Data & Research

Can Augmented Reality Eclipse Virtual Reality?

Can Augmented Reality Eclipse Virtual Reality?

Apple has yet to announce the release of any VR or AR hardware, but CEO Tim Cook has no doubt that Augmented Reality will be the bigger commercial format. When asked about Apple’s plans for virtual storytelling in an interview with Robin Roberts for Good Morning America, Cook says that, “There’s Virtual Reality, and there’s Augmented Reality. Both of these are incredibly interesting.” He went on to observe that AR is going to be the, “larger of the two, probably by far. There’s lots of really cool things there.”

Apple CEO, Tim Cook, on ABC News


Big Bucks

VR’s blowing up right now because it’s here, but AR could blow it away when it comes to the party. VR is forecast to become a $30 billion industry by 2020. That’s massive, but it’s still only a third of AR’s projected $90 billion, according to a report by California-based VR/AR M&A adviser Digi-Capital. They say that “VR could be big, and AR/MR could be bigger and take longer.”

Graphic showing the forecast for AR and VR in 2020, Digi-Capital

As console firms Microsoft and Sony square up against each other once more - this time with HoloLens and PS VR - it looks like they’ll be joined by mainstream big brands Apple and Facebook backing AR and VR respectively. And Google? We know about its forthcoming Daydream VR platform, but you can bet your bottom dollar the megacorp hasn’t forgotten the lessons learned about AR with the ill-fated Google Glass.


Why The Buzz About VR Right Now?

Many early adopters already own either headset dev kits or premium consumer hardware. They know what VR’s capable of because they’ve already experienced it. And thanks to the affordability of Google Cardboard, the VR experience has already reached the mainstream. For a tiny outlay, interested consumers can try VR – or indulge their kids’ curiosity for pocket money prices. AR however, remains an intangible prospect for now.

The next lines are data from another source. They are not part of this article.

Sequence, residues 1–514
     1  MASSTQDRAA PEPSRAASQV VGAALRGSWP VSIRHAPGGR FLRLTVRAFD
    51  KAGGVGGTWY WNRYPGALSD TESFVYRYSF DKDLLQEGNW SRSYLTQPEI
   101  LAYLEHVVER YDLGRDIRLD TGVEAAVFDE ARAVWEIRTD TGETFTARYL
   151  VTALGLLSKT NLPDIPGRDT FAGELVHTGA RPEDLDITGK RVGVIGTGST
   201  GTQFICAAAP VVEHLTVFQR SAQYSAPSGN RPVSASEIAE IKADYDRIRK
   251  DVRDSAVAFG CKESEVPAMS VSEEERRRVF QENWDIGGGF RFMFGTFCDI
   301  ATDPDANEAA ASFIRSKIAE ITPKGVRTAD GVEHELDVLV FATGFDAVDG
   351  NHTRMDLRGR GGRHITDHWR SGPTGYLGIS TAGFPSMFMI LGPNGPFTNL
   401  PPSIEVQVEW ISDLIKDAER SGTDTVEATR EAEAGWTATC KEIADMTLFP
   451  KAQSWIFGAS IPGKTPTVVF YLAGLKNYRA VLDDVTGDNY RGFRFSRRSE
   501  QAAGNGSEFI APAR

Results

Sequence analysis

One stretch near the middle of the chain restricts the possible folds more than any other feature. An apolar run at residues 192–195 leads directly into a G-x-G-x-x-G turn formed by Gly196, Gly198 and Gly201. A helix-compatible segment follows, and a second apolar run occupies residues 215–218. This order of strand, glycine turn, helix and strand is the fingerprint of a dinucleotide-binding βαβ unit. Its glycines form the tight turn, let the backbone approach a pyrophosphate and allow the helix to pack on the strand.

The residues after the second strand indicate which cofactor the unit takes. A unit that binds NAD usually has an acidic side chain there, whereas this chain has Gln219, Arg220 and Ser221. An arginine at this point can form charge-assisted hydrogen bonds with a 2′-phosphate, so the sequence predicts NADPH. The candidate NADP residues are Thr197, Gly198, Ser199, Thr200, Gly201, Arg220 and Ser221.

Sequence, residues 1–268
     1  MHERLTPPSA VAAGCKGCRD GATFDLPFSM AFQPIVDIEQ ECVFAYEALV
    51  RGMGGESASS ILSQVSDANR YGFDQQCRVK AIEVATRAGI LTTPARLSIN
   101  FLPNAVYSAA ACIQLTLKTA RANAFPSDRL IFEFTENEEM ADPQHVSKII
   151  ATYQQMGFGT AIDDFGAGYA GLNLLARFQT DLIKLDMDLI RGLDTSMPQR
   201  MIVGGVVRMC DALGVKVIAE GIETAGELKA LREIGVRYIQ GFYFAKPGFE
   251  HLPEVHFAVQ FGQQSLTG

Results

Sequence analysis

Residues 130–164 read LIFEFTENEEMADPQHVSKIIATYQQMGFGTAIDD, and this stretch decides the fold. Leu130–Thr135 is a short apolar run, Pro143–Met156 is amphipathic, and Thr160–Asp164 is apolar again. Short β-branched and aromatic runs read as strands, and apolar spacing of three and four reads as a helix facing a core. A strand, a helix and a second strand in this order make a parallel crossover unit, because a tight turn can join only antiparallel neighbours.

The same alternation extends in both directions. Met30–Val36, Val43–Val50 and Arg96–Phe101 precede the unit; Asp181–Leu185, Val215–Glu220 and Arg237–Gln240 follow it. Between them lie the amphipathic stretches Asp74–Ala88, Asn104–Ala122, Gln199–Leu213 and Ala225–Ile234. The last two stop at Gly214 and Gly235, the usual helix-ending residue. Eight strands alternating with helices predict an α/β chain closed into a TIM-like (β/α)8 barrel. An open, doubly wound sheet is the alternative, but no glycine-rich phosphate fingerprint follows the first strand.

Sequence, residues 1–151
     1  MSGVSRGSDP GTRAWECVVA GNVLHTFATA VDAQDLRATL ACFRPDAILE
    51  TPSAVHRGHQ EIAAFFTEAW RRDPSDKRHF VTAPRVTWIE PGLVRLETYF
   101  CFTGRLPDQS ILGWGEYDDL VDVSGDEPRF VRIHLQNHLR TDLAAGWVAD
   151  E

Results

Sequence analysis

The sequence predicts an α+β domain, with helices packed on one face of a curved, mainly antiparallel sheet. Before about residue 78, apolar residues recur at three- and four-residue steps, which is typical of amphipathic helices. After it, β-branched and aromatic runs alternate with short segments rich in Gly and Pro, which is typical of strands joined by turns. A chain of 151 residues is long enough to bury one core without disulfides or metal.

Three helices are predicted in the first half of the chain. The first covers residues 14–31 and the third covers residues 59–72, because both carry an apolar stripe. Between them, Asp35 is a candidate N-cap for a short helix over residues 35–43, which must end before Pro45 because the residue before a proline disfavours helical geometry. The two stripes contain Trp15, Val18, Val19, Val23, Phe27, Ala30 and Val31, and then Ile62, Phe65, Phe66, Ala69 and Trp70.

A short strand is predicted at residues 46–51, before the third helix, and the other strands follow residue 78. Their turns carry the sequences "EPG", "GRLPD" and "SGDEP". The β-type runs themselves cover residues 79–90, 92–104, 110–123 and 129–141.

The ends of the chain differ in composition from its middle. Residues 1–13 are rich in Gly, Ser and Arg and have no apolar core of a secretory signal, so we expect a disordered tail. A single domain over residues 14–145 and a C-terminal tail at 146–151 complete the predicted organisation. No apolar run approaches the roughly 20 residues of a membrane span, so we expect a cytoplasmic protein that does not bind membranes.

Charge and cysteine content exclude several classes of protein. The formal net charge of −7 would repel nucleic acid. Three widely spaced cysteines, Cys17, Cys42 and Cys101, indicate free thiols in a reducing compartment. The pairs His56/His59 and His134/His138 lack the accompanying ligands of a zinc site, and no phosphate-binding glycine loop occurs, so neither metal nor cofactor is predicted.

Additionally, those early adopters, technophiles and gadget geeks are likely to be gamers; people who love nothing more than immersing themselves in other worlds. And what could be more immersive than a VR headset that blocks out the real one?


Not A Gamer?

But what if you’re not a gamer? Incredible as it seems to us, not everybody wants to shut out the noise and lose themselves in a game. It’s those people Cook’s thinking of when he says, “Virtual Reality encloses and immerses the person, but probably has a lower commercial interest over time. Less people will be interested in that”.

Even the most hardcore gamer has to concede that VR is not something you can use as you go about your daily life. You can’t drive to work, pick up groceries or walk the dog in VR. But you can do all those things and more in AR. In fact, if the headsets are comfortable enough, there’s no reason you couldn’t spend every waking moment in AR.

With a huge diversity of potential applications for the technology, you could view location-based information such as flash sales in the high street as you watch a dragon fly overhead. As those clever guys at Digi-Capital put it, “Where VR is entertainment plus apps, AR is apps plus entertainment.”


Bulls And Apples

Digi-Capital are so bullish about the potential for the technology they reckon that, “In the long run, AR/MR could replace the smartphone in your pocket.” Suddenly it makes sense that Tim Cook, CEO of Apple with its sell-out iPhone range, is backing AR for the win.

Managing Editor

Steve is an award-winning editor and copywriter with nearly 25 years’ experience specialising in consumer technology and video games. He was part of a BAFTA nominated developer studio. In addition to editing, Steve contributes to,, and, as well as creating marketing content for a range of SMEs and agencies.